The origins of flamenco are deeply rooted in the gypsy community of Spain, often called the ‘Fathers of Flamenco’. To be precise, this intense dance originates from southern Spain, heavily influenced by the Andalusians. Flamenco is delivered in perfection when all three of its elements come to life – cante (the song), guitarra (the guitar-playing), and baile (the dance). Over the years, the flamenco in Spain evolved through interpretations by diverse cultures and civilisations that settled in the country. The seven centuries of Muslim occupation in Spain certainly didn’t pass without leaving traces of Moorish influence on the dance. The true beauty of flamenco is its permutation of fluidity within staccato and firm movements, one that depicts strength, courage and bravado.
Barongan – Indonesia
The barongan is a mythological dance drama that began in Blora, Central Java, but continues to thrive especially in Bali as a popular art form. Barongan or barong means ‘the mane of a lion’ and is generally performed as a dance drama that depicts the battle between barong (the lion) and Rangda (the demon queen), portraying the struggle between dharma (virtue) and adharma (evil). According to history, the dance was created by village headman, Ki Ageng Ketut Suryongalam, as a political statement in the 470s during the rule of Majapahit. In most stage performances, the barong appears like a large, gangly lion, and subdues Rangda but never quite slays it. This unique characteristic of the lion is said to reflect the ever benign and forgiving nature of God. Nonetheless, the performance is a full display of power, majesty and the ultimate triumph of good over evil.
Apsara – Cambodia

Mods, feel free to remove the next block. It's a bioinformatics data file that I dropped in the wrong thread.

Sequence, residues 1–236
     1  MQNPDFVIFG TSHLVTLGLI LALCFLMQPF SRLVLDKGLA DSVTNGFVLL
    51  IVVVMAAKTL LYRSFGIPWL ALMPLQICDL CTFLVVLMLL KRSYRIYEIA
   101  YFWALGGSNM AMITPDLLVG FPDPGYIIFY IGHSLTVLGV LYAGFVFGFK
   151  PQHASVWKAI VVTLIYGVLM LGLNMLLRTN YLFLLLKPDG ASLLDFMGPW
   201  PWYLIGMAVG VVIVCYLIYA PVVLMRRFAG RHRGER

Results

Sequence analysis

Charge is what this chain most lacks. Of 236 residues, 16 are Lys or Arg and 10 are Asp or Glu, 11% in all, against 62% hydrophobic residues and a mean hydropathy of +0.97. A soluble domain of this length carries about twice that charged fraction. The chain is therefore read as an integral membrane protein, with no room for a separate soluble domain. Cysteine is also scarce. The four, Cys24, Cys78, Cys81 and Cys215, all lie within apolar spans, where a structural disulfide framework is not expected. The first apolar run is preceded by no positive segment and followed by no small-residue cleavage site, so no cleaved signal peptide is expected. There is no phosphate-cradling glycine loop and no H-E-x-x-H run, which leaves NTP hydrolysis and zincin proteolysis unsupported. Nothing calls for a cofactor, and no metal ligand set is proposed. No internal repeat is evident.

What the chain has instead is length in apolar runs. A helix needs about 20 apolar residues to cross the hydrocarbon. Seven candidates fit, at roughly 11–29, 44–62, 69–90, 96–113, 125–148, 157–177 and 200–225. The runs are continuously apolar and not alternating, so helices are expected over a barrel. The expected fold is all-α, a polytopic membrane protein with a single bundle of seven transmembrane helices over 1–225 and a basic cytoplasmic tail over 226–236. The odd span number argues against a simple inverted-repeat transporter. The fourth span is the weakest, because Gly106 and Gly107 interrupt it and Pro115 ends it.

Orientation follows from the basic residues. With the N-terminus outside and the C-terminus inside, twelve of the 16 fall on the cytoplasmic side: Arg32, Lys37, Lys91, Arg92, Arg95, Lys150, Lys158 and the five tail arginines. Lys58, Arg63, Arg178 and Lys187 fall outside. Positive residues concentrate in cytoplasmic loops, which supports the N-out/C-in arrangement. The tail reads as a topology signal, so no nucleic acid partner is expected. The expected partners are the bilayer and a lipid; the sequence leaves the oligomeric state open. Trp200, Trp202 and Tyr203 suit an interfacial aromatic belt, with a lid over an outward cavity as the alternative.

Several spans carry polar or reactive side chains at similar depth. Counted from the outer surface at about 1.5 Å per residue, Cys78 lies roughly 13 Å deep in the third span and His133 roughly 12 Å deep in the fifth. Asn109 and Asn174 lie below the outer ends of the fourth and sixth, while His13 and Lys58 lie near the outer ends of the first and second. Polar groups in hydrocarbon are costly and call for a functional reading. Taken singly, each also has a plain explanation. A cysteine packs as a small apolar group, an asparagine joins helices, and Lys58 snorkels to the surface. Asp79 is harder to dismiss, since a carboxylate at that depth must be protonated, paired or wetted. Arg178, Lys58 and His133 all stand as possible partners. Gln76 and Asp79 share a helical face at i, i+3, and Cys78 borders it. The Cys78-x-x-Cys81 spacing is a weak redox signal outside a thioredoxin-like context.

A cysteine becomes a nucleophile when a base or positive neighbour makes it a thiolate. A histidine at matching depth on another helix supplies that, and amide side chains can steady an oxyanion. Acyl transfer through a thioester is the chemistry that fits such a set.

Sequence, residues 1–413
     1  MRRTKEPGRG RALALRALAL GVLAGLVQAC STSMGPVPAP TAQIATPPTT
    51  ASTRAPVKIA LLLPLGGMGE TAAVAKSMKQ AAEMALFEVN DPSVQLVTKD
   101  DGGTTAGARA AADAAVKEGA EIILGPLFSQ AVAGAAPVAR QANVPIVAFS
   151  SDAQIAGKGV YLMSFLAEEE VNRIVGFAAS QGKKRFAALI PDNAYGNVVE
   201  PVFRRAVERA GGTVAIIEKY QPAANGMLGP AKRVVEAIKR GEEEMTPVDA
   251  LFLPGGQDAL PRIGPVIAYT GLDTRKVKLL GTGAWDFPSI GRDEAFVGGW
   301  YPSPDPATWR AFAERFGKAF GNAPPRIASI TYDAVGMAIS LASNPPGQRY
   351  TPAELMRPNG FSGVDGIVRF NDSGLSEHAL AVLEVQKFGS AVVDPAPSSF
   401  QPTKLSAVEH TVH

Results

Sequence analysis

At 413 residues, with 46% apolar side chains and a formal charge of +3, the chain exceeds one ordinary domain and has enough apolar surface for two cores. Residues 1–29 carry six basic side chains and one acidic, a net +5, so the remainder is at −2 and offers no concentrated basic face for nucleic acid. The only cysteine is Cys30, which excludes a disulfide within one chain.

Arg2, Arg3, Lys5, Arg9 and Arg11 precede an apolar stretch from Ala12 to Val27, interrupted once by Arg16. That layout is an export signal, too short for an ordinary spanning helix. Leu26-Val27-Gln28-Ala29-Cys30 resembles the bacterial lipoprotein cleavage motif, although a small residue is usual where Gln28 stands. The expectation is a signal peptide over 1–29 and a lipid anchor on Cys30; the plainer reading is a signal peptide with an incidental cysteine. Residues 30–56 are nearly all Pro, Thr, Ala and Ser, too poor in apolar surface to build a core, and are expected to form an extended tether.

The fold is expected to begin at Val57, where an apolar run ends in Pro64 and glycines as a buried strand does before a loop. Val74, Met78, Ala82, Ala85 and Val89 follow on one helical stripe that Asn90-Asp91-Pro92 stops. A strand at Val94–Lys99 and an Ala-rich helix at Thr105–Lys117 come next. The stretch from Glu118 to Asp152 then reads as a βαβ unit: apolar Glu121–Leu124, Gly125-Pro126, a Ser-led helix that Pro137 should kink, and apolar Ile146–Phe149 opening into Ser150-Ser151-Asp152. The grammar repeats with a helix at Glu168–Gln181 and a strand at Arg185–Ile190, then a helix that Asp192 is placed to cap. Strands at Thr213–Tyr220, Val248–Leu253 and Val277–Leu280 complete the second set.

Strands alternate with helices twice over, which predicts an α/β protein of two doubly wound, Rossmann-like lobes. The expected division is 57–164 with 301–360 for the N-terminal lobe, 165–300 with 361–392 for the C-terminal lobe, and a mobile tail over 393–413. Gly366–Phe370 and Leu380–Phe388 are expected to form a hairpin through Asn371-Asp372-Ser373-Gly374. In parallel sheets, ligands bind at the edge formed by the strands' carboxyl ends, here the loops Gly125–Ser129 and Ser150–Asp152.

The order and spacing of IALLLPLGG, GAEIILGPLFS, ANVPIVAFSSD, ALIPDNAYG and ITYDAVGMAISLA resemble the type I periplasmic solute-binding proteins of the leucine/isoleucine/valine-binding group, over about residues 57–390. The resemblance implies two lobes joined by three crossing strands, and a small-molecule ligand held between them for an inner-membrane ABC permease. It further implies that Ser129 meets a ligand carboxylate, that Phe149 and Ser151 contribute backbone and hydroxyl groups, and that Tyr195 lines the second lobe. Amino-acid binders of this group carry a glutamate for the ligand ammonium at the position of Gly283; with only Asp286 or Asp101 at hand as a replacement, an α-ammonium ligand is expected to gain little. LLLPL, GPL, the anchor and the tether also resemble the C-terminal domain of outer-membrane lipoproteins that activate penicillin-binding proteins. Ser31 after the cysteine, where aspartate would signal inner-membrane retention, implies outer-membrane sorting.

Apsara is a Khmer classical dance that portrays the union of a celestial dancer, Mera, with a wise man, Kambu. It is a love story told through dance. As with many classical dances today, newer interpretations began in the mid 20th century, following the fall of the Khmer Rouge regime, which had literally wiped out all forms of classical dances in Cambodia. Traditional dance gurus studied the figurines carved on the walls of Angkor Wat and other monuments and eventually created the apsara dance that can be witnessed today. The apsara (celestial nymph) is the basis for the graceful dance that relies on very fine hand gestures to convey subtle motions and feelings, making it an amazingly technical yet refined dance.
Mua Roi Nuoc – Vietnam
While this is not quite a dance per se, mua roi nuoc or Vietnamese water puppetry is an age-old art that is closely tied to the rural culture of rice farmers in the Red River delta. The puppets are made of wood and decorated in bright colours with moveable heads and arms. They are mounted on a base rudder that acts as a fulcrum for the strings to control the upper body. Each puppet can be as tall as 18 to 36 inches and weighs anywhere between 10 to 14 kilogrammes. These puppets portray humans, animals and inanimate objects in the performances that depict the life and times of rural folk. Originally performed in ponds and paddy fields, now a shallow pond serves as its stage. Audience will be totally gobsmacked as to how the puppets perform with seemingly no help from any human or mechanical aid!
Khon – Thailand
The khon dance-drama is essentially a stage performance that uses acting, dancing, martial arts and chorus-singing in the telling of much beloved epics in Thailand. With roots as a form of entertainment for royalty, the khon is similar to normal acting or lakhon but is distinguished by the elaborate masks worn by some of the characters. The most famous of Khon performance is the Ramakien, Thailand’s version of the Indian epic Ramayana. Up until the 19th century, khon was solely performed by men who also played women’s roles. But by the mid 1800s, men and women both took to the stage with masks that denote virtuous and evil characters. Colours too are important as each hue represents a virtue: Phra Ram (the hero) would be in green, Phra Lak (Ram’s brother) wears gold, and the monkey god Hanuman wears white.
Note: The research on these dances is derived from various studies published online, and is presented as is while studies on them continue. Travel 3Sixty is not liable for any misrepresentations or misunderstandings on the history of any of the above stated dances.